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There’s nothing sweet about the relationship between heart disease and cancer

Hands holding a heart

When the calendar changes to February, red and pink heart-shaped candy fills store shelves in preparation for Valentine’s Day. Let those hearts also serve as a reminder of another February event: American Heart Month.

Health conditions, lifestyle choices and family history can all increase your risk of heart disease. But did you know that cancer and heart disease have been linked?

There’s nothing sweet about their relationship — studies have shown heart disease may increase your risk of developing cancer, and cancer treatments may increase your risk of heart disease.

A 2019 National Health Institute-funded study found heart attack survivors were more likely to develop cancer than those without cardiovascular disease. Even just being high-risk for cardiovascular disease puts individuals at a higher risk of developing cancer. Cancer and cardiovascular disease share many of the same risk factors, such as tobacco use and poor nutrition, but researchers are still working to identify if there is a biological link between the two.

Conversely, a study published in the European Heart Journal found more than one in 10 cancer patients die not from their cancer but from heart problems. Cancer patients dying from cardiovascular disease was highest in those who had bladder (19% of patients), larynx (17%), prostate (17%), womb (16%), bowel (14%) or breast (12%) cancers.

“We now know that there are strong links between cancer and cardiovascular disease, or CVD, as cancer patients have two to six times higher risk of death due to CVD than the general population,” said Carl J. Pepine, M.D., a professor of medicine in the UF College of Medicine’s division of cardiovascular medicine and a UF Health Cancer Center member. “This is particularly true for breast, uterine, thyroid and prostate cancers.”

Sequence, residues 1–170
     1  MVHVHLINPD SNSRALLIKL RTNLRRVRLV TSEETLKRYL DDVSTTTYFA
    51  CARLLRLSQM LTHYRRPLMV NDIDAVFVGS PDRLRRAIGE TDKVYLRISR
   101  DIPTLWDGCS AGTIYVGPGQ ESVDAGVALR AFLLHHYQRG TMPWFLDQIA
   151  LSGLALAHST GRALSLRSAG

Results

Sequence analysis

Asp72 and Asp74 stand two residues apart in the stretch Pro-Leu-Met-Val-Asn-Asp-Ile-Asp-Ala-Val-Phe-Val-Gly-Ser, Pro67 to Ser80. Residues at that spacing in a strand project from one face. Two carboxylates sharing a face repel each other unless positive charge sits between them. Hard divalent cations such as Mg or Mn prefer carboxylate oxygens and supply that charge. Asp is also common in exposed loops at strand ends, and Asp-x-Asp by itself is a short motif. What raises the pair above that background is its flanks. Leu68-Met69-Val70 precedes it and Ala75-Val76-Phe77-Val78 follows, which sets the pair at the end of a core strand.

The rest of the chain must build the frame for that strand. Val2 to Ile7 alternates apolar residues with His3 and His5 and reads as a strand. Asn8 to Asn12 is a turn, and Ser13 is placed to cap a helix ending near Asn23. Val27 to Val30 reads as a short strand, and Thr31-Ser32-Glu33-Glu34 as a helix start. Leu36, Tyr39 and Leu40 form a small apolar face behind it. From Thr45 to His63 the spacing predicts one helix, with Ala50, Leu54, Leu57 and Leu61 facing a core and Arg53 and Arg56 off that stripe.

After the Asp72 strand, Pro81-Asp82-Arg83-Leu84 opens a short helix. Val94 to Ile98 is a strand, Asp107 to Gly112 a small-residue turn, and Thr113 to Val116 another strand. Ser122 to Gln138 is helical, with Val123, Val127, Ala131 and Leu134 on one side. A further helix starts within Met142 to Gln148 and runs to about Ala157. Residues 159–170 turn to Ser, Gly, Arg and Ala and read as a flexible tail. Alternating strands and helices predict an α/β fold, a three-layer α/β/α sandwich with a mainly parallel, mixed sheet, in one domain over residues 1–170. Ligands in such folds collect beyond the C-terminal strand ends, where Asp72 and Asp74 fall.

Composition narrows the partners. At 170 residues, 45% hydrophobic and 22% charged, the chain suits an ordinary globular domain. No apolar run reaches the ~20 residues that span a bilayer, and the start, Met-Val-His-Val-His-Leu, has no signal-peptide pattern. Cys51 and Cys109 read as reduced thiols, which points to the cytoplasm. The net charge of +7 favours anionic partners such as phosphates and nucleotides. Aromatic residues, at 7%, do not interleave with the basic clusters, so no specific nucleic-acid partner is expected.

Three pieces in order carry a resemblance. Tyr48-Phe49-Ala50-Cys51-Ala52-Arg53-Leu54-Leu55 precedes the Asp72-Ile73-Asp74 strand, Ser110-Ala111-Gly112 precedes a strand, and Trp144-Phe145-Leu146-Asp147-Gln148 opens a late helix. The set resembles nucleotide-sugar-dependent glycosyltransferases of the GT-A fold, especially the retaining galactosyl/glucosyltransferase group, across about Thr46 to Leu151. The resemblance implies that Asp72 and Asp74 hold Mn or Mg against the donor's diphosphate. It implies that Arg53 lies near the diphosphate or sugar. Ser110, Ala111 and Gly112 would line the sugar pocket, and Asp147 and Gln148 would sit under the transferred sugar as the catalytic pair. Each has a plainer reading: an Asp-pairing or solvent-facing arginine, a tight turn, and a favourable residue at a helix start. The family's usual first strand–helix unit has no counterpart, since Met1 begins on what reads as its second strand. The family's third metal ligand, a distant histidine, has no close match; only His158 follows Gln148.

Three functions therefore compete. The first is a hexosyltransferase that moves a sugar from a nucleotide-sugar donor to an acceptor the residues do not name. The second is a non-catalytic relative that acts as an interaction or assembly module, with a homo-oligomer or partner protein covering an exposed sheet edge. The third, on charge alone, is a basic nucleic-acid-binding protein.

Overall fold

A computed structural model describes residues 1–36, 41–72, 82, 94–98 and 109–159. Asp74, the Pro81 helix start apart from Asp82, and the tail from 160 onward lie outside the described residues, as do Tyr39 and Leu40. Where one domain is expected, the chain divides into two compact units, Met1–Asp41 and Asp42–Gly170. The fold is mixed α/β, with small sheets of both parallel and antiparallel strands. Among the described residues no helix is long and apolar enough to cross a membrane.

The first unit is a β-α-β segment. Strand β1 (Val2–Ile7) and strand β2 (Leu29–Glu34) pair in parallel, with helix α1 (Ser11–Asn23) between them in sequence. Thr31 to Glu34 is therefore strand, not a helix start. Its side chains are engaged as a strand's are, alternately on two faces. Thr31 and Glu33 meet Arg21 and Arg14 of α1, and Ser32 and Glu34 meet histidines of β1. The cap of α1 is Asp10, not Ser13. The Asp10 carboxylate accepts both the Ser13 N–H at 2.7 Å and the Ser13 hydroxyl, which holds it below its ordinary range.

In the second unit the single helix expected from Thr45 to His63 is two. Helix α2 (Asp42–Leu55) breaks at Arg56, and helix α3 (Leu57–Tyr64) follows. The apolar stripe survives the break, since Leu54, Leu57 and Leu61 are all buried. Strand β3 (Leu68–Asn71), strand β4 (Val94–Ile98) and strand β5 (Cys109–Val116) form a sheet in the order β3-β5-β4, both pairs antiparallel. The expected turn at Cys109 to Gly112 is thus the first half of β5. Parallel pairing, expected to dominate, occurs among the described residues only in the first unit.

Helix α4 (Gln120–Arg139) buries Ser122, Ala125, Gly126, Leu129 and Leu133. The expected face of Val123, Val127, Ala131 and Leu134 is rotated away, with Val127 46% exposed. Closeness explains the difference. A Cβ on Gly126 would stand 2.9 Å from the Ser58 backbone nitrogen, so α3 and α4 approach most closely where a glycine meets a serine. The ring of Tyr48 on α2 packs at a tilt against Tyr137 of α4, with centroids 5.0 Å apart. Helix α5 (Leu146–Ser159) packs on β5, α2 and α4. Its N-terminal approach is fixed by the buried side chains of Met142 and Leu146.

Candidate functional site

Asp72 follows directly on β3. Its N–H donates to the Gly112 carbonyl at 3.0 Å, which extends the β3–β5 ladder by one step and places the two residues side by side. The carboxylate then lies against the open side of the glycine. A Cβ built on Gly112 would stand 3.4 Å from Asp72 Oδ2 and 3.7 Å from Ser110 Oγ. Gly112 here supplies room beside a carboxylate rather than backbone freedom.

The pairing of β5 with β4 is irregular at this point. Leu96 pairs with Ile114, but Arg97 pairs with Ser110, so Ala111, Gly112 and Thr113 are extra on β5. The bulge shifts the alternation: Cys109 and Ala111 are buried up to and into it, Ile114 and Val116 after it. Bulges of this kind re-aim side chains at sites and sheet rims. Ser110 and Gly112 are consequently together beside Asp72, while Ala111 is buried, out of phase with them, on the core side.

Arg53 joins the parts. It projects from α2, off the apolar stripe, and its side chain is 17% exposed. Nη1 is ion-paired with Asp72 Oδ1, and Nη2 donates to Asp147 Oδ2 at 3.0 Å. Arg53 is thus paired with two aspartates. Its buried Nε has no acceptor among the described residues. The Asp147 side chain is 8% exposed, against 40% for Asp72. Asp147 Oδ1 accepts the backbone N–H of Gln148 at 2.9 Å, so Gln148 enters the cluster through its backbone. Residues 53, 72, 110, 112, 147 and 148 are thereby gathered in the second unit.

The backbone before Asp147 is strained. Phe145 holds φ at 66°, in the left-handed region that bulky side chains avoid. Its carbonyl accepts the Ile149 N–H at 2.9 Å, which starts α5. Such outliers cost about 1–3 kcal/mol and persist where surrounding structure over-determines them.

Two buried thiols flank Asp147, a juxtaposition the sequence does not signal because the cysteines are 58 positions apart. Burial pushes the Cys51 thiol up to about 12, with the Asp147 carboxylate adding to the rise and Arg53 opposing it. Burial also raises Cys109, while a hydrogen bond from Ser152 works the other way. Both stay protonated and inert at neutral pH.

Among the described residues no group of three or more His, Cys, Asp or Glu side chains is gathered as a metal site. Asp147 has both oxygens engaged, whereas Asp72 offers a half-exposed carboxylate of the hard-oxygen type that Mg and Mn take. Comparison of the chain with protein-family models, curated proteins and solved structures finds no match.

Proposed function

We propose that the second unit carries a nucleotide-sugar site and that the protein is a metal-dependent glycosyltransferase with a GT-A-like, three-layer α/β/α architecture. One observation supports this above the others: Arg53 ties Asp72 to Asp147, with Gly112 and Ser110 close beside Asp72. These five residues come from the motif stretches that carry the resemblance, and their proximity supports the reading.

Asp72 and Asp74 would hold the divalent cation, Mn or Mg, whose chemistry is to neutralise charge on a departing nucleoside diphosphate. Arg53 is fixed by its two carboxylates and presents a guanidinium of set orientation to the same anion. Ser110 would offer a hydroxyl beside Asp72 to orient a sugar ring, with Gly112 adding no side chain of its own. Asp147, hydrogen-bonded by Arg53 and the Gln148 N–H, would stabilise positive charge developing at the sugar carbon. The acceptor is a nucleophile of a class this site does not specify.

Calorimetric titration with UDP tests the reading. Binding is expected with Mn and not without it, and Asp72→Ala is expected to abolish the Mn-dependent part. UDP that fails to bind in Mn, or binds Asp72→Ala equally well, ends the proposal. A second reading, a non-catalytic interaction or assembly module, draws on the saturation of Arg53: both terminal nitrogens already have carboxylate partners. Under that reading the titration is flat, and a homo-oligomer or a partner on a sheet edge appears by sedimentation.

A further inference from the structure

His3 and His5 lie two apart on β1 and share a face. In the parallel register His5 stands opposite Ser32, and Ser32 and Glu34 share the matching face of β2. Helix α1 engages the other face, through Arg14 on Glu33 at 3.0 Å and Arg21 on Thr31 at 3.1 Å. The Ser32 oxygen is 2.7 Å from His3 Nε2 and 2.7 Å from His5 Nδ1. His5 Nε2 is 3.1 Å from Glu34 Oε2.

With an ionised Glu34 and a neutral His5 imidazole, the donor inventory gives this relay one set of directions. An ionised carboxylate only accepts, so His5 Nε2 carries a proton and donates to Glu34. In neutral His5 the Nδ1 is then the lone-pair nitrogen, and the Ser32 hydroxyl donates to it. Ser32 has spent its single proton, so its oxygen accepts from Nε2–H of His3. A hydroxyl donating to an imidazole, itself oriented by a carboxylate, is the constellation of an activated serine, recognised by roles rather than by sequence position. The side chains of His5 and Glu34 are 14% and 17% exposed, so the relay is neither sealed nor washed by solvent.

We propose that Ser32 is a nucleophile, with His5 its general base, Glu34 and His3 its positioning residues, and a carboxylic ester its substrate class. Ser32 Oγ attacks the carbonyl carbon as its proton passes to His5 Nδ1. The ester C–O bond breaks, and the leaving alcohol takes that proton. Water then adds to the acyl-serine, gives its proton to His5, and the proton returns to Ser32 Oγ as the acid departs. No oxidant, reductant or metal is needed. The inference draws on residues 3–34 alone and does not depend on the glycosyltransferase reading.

The study also found cancer patients are at higher risk of dying from heart disease and stroke than the general population. This could be due to other illnesses and problems being detected when they entered the hospital or because of aggressive treatment, such as chemotherapy, radiation therapy and targeted therapy, that often comes after a cancer diagnosis.

“The reasons are not always clear; some of it relates to shared risk factors between CVD and cancer, like older age, smoking, obesity and chronic inflammation, but some of it relates to cancer therapy,” Pepine said. “I hope that this will increase awareness and lead to a more proactive dialog between patients and their providers about choices for therapy.”

According to Cancer.Net, heart conditions that can develop after cancer treatment are:

  • Cardiomyopathy and congestive heart failure
  • Coronary artery disease
  • Damage to heart valves
  • Myocarditis
  • Problems with the pericardium

The American Cancer Society recommends protecting your heart health during and after treatment by:

  • Creating a survivorship care plan
  • Eating a healthy diet
  • Getting recommended cancer screenings
  • Getting regular exercise
  • Getting to and staying at a healthy weight
  • Keeping your follow-up appointments
  • Taking care of your emotional health

About the author

Kacey Finch
UF Health Cancer Center Communications Specialist

For the media

Media contact

Peyton Wesner
Communications Manager for UF Health External Communications (352) 273-9620